How to Avoid the Bummer Life

Back in the late 2000’s when Twitter’s Fail Whale was still a frequent and inevitable sighting, I used to read a blog called “How to Avoid the Bummer Life”. It was written by Stevil Knevil of Swobo bikes and centered around mountain biking, beer, mustaches, and generally living a good, laid back life with friends while covered in mud from coasting down some sweet single track. I used to do a lot of biking in the late 2000’s, spent a lot of time on fire roads and beach bike paths, and can confirm that mustaches were “a thing”.

(Sadly, that blog isn’t around anymore, and I haven’t been able to find it archived anywhere. If you now go to How to Avoid the Bummer Life, it’s someone’s fancy travel blog.)

I was recently reminded of that blog while listening to Jaron Lanier’s audiobook “Ten Arguments for Deleting Your Social Media Accounts Right Now” (2018). In the book he coins the acronym “BUMMER” which stands for “Behaviors of Users Modified and Made into Empires for Rent”. That’s kind of a mouthful. Basically, the idea is that users of most social media services aren’t the customers of the social media companies, but their products. Users’ attention and their data (both reported demographic data and usage data) are packaged up and sold to entities who wish to influence and manipulate their behavior. The customers of social media are the entities that pay to manipulate the users, and like any corporation, social media is beholden more to its customers (who pay them) than its users (who don’t pay them).

The sync between “How to Avoid the Bummer Life” and BUMMER brings things nicely into full circle for me. About the time I was reading “How to Avoid the Bummer Life”, I started getting active online. It was around 2007, I created a Twitter account, Flickr account, and shortly after that, a FB one. Things were still pretty new back then. It didn’t seem as if the whole world was on these platforms. Elected officials were not on Twitter. Nor were news organizations or large companies.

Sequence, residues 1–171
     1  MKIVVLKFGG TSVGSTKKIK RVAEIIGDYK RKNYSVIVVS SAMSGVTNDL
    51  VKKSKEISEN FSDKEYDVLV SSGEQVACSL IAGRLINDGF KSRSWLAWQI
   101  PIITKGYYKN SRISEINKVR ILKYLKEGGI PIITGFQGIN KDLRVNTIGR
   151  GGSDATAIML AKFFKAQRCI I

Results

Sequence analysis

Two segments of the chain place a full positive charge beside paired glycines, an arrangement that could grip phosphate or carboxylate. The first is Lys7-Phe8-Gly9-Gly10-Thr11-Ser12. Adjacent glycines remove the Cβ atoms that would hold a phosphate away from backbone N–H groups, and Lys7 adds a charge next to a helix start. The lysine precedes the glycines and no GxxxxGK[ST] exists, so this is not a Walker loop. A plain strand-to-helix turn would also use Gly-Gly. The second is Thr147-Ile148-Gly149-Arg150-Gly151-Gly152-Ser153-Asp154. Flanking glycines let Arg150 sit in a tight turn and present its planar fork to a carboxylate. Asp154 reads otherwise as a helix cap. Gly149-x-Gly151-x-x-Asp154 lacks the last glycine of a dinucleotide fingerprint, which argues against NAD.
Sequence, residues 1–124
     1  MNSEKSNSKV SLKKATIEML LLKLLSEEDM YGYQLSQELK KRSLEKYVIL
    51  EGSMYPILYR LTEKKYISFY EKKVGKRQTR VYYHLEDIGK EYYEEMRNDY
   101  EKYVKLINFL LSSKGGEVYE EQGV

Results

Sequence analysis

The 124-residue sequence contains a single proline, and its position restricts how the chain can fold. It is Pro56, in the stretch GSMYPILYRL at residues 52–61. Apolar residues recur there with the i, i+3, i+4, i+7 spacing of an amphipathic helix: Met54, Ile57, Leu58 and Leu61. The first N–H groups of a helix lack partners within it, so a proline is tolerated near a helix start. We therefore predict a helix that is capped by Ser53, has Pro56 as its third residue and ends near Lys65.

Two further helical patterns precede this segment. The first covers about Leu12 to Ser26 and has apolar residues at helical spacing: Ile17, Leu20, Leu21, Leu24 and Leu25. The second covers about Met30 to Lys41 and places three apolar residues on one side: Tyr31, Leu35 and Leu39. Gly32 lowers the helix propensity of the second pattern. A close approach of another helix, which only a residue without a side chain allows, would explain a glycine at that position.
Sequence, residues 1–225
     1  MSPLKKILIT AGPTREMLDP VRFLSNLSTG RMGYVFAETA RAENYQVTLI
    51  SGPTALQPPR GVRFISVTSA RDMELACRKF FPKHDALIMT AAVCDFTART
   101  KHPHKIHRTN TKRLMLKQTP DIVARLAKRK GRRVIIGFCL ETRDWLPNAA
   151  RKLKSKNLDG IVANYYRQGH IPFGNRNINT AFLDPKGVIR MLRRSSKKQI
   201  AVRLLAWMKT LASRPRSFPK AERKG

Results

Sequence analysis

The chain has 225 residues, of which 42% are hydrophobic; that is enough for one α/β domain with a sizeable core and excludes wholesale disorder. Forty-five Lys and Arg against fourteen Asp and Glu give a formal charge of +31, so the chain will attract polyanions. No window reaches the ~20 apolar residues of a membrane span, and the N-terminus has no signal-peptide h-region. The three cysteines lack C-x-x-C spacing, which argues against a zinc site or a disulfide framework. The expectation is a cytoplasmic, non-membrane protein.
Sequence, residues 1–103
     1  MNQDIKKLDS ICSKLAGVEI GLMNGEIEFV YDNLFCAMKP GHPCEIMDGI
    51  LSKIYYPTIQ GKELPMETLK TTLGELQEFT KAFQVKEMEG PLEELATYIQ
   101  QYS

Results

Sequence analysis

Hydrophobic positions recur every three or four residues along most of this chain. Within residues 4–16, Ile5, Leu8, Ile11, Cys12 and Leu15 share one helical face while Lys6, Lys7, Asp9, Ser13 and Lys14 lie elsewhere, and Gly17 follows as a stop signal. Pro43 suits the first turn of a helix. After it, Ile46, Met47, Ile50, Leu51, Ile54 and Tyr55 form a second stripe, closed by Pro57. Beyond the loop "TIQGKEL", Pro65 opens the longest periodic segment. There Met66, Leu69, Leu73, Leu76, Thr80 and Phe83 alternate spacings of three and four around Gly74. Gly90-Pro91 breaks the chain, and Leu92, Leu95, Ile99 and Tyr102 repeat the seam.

As of today, my Twitter account is deleted. My other social media accounts are in cold storage. I don’t want a gold star for this. Be assured that I’m not judging anyone who still tweets or uses IG or FB. It’s just the right time for me to close that chapter and pull back from participating in social media. 

Back in early August, I decided to take a break from Twitter, FB, and IG until my birthday in November. The idea snuck into my head while praying for my ancestors, and I took it as a gentle sign from them. 

A few weeks prior to the break, I had noticed that I had been checking the streams with increasing frequency. The way my days have been working out, I get little gaps of time here and there to myself. The gaps seemed to be too short to read a book or to work on a craft, but perfect to scan the accounts to check out what’s new. It became a dearly held habit.

The little gaps of time quickly checking in became longer and longer. Somehow I was able to stretch time for tweeting when it had been hard for me to make the time to read a chapter in a book or start writing a blog post. I started getting cranky when someone interrupted my scrolling. Frequently, I’d get up from the computer feeling completely drained with nothing done on my to-do list.